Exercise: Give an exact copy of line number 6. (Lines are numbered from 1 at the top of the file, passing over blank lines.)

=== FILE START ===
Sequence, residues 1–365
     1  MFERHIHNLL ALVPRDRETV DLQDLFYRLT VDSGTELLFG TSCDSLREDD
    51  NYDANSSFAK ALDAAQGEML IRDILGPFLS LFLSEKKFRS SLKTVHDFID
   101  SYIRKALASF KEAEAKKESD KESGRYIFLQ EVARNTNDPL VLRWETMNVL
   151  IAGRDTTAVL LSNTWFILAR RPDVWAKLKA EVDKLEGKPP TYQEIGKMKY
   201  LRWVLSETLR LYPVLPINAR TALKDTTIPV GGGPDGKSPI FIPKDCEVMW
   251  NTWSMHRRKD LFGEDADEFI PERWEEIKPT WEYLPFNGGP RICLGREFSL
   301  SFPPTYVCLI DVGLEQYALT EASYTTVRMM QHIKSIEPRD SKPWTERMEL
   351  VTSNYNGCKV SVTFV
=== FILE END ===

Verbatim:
   201  LRWVLSETLR LYPVLPINAR TALKDTTIPV GGGPDGKSPI FIPKDCEVMW